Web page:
A Ruin Nation: Excavating Japan’s Haikyo Boom – Mark Pendleton
15 August 2016, London
Since the 1990s, Japan has been caught up in a boom in interest in haikyo (ruins) that extends from literary and artistic representations to industrial heritage campaigns and tourist initiatives. These material remnants evoke past glory days, such as the postwar economic boom, while also bringing to the surface questions about how Japan deals with crisis and change.
While the haikyo boom appears relatively new, interest in ruins in Japan also has a much longer cultural history that extends throughout the 20th century, from the great Tokyo earthquake of 1923 to the postwar ruined landscapes of Japan’s cities and the collapse of the economic bubble into the Lost Decades. It might be tempting to see fascination with ruins as nostalgic and backward-looking – and that is certainly part of the story – but it is not the full picture. This lecture will discuss past and present popular representations of ruins in Japan as sites where complexities have been and continue to be explored – from issues associated with the difficult histories of East Asia through changing economic, social and environmental presents and ultimately to an array of competing visions of the future.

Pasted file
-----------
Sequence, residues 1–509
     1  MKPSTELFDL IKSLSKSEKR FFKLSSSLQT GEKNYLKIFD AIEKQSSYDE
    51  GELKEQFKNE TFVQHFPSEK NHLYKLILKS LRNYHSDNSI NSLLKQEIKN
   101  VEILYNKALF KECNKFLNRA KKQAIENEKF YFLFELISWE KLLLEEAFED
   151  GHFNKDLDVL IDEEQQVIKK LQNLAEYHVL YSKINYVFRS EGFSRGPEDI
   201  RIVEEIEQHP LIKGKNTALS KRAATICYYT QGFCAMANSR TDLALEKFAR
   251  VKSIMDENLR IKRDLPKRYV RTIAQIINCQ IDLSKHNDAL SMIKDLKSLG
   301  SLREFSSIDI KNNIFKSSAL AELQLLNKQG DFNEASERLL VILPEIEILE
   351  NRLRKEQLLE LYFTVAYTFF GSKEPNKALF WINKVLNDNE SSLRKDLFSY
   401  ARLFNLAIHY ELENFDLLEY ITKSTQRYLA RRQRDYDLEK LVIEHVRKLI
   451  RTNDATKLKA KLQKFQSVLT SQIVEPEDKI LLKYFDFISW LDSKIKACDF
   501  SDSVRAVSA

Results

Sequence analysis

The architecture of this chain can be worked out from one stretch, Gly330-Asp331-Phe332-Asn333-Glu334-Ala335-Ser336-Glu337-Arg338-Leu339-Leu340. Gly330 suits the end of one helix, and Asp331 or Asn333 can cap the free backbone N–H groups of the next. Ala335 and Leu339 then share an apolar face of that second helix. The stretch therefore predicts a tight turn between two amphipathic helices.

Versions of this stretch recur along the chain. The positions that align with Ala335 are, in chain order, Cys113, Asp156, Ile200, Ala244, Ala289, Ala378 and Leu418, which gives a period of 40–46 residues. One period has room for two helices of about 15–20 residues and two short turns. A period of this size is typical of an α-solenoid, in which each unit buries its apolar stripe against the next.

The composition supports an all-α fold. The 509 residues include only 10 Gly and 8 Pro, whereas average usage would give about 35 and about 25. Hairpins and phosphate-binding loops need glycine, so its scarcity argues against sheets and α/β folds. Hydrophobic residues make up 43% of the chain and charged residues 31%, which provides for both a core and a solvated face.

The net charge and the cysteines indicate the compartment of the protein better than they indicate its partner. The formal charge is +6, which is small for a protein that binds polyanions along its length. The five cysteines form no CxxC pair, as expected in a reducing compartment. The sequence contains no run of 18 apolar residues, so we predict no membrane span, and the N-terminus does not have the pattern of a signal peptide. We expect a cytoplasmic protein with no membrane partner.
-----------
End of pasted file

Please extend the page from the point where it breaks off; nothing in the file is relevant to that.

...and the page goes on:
Mark Pendleton is a cultural historian and Lecturer in Japanese Studies at the University of Sheffield. He researches broadly in the fields of 20th century Japanese history, the politics of memory in East Asia and transnational histories of gender and sexuality.
To reserve your place, please call the Japan Society office on 020 3075 1996 or email firstname.lastname@example.org or submit the online booking form.
Free – booking recommended